This is from today’s installment, “Breaking down barriers: promoting racial equity in education”:

“Despite progress on some fronts, questions of race and racism remain front and center in the debate over education in North Carolina. Nearly two decades into the 21st Century, inequity and lack of access continue to serve as debilitating roadblocks to many students of color. Compared to white students, students of color are more likely to attend schools that are underfunded and overcrowded, that have fewer up-to-date materials, less technology and a lower percentage of highly qualified teachers. And while racial equity is often a topic that goes unaddressed due to fear of controversy, it must be at the forefront of the conversation if our state hopes to create meaningful progress in this vitally important arena….”

Read the full report here.

Environment, Legislature

It’s raining GenX bills: GOP legislation largely ignores DEQ for funding

Rep. Ted Davis Jr. (Photo: NCGA)

Within hours of House Democrats filing HB 968, four more House members, this time all Republicans, put up their own bill, HB 972, which essentially rebuffs any meaningful appropriations for the NC Department of Environmental Quality.

Instead, it appropriates just $2.3 million to DEQ and gives money to just about anyone else who has asked for it: the Cape Fear Public Utility Authority ($450,000), local governments ($2 million), the state health department ($530,000), and the NC Collaboratory ($8 million).

The language in HB 968 resembles the Senate version of the Water Safety Act, introduced during a special session last winter, which seemed almost mean-spirited toward DEQ.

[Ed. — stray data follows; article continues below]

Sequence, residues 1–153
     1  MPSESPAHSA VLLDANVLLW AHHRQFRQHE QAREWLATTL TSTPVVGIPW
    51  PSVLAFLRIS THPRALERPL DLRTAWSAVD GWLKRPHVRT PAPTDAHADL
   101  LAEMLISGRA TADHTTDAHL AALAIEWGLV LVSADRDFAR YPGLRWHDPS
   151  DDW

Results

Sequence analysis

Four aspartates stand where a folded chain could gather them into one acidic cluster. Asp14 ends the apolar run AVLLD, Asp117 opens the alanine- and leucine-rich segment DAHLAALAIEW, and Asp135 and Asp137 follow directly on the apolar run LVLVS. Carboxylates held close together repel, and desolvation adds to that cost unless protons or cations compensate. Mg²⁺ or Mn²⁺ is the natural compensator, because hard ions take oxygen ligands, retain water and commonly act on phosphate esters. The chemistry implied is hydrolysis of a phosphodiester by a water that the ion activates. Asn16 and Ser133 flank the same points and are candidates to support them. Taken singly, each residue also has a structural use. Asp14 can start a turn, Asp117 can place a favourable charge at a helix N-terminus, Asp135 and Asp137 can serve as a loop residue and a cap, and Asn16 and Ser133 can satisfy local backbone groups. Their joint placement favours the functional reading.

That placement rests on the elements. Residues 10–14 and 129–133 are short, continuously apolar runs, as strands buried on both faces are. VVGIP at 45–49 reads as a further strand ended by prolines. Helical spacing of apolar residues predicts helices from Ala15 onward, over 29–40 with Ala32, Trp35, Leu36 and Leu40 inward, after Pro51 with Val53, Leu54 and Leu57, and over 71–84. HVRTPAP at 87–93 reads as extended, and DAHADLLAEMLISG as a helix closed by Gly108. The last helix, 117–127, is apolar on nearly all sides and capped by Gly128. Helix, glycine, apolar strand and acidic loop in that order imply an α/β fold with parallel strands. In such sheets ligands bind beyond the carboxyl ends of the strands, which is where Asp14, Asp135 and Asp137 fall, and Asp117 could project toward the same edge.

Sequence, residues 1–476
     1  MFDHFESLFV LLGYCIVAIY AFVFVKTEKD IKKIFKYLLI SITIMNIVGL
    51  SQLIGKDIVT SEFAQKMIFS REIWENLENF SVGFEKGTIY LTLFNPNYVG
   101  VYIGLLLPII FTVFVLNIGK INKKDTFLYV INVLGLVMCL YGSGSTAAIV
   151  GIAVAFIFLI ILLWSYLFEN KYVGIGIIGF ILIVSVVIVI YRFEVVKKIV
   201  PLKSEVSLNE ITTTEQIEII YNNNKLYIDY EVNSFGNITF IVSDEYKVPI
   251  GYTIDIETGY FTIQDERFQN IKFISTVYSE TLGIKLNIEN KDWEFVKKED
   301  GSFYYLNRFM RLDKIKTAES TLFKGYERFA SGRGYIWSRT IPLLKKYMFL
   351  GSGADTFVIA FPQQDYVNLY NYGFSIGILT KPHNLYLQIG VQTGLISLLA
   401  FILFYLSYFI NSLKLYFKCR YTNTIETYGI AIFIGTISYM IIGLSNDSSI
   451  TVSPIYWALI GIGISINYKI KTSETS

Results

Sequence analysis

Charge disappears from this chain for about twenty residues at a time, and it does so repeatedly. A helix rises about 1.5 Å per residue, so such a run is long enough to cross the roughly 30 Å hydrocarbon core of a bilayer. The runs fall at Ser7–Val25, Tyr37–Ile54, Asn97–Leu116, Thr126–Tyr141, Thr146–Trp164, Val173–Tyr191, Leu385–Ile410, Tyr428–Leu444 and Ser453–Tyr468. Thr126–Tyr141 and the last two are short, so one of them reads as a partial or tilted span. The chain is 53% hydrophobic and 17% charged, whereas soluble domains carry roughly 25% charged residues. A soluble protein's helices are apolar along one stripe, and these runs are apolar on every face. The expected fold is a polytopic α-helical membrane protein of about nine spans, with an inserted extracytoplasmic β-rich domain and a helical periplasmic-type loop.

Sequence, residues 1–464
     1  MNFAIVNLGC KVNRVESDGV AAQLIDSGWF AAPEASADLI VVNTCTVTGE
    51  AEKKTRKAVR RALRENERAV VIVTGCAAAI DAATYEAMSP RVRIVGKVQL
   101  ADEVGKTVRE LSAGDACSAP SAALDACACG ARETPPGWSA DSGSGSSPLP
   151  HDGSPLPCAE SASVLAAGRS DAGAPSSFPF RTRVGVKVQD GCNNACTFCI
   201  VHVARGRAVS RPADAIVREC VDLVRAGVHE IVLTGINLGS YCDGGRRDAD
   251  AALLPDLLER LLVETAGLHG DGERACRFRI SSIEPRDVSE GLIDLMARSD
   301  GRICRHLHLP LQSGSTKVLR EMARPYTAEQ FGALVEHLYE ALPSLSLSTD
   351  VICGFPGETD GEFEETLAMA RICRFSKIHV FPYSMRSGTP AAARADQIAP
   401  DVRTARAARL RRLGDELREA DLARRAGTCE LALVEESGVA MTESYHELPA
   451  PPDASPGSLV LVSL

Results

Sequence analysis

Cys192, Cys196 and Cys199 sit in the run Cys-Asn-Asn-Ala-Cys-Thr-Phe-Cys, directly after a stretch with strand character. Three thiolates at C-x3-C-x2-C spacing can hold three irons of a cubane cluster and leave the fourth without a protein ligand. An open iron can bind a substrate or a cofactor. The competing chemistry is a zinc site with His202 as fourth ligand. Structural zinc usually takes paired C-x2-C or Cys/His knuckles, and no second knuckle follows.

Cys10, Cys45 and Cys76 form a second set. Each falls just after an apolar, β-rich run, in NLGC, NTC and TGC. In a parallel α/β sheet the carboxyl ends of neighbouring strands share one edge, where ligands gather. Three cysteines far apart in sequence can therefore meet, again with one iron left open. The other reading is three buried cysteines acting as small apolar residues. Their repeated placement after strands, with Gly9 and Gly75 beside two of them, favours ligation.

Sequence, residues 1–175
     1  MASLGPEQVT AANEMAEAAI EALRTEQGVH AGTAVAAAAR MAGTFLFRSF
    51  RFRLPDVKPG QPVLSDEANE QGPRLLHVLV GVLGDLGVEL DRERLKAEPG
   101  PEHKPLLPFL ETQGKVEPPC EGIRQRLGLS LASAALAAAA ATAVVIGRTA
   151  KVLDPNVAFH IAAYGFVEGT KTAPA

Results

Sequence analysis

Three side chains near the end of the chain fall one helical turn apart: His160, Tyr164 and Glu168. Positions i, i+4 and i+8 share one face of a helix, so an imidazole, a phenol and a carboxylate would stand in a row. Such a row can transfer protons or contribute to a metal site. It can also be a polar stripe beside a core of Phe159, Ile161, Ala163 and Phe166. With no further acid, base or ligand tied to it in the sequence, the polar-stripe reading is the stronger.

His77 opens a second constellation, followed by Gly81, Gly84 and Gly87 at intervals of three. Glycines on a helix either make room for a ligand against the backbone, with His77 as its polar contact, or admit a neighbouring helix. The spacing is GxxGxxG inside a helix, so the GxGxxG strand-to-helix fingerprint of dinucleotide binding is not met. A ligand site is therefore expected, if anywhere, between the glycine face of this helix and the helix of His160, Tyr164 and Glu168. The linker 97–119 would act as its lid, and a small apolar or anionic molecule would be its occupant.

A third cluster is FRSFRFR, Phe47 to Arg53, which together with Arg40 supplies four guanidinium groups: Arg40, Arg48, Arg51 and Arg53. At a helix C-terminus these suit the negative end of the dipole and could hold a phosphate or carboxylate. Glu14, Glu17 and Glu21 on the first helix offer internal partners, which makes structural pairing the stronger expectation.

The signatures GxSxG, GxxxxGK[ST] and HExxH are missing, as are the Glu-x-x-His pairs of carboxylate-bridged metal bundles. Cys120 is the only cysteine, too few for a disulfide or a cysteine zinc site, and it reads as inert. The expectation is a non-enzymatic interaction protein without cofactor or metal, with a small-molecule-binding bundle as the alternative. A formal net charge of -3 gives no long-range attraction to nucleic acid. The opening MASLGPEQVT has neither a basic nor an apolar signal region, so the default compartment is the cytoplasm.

In comparison, Democrats introduced a bill today that would appropriate more than $14 million to DEQ and the state health department to address the GenX crisis.

In Republicans’ HB 972, DEQ is often used as a pass-through for funding. For example, The bill would appropriate $2 million in one-time money to DEQ, which would then disperse funds to local governments to connect households to public water supplies. The polluter would then reimburse the state via a Recovery Fund.

Another $450,000 would go to DEQ for grants to the Cape Fear Public Utility Authority for water sampling and testing new treatment technologies.

The $1.3 million in one-time money to DEQ would be used for temporary staff to conduct water quality sampling for emerging contaminants, to address permitting backlogs, and to sample and analyze GenX in the air, soil and river sediment.

(The funding is being diverted from the dead-on-arrival SePro project. Last year, lawmakers appropriated $1.3 million for the private company to test algae-killing chemicals and other dubious treatments in Jordan Lake. State environmental officials and the US Army Corps of Engineers killed the deal over concerns about potential harm to aquatic organisms and wildlife.)

Another $479,000 would go toward statewide sampling for emerging contaminants, plus $537,000 for a high-resolution mass spectrometer.

Rep. Susan Martin (Photo: NCGA)

DEQ receives no funding to develop a detailed remediation plan for emerging contaminants, as laid out in the bill.

The big winner is the NC Collaboratory, whose research director is Jeffrey Warren, former science adviser to Sen. Phil Berger. The Collaboratory’s one-time $8 million windfall would be used to corral academics to conduct targeted and nontargeted monitoring for emerging contaminants in public water supplies. Money would also be used to buy equipment, pay for research time, study air emissions and to conduct computer modeling for private well contamination and treatment options — all duties usually assumed by DEQ.

The bill also contains a glaring redundancy. It directs the state health department to consult with federal authorities and academics via the Collaboratory to recommend health goals for fluorinated compounds, including GenX. That’s precisely what the Science Advisory Board is doing right now. In fact, it is expected to release its health goal recommendations in June.

Rep. Frank Iler (Photo: NCGA)

The co-sponsors of HB 972 are Republican Reps. Ted Davis Jr., Frank Iler, Bill Brisson and Susan Martin. All but Martin sit on the House River Quality Committee.

HB 972 empowers not only environmental regulators, but also the governor, under certain conditions, to require a facility to “cease all operations and activities” that result in the production of a pollutant.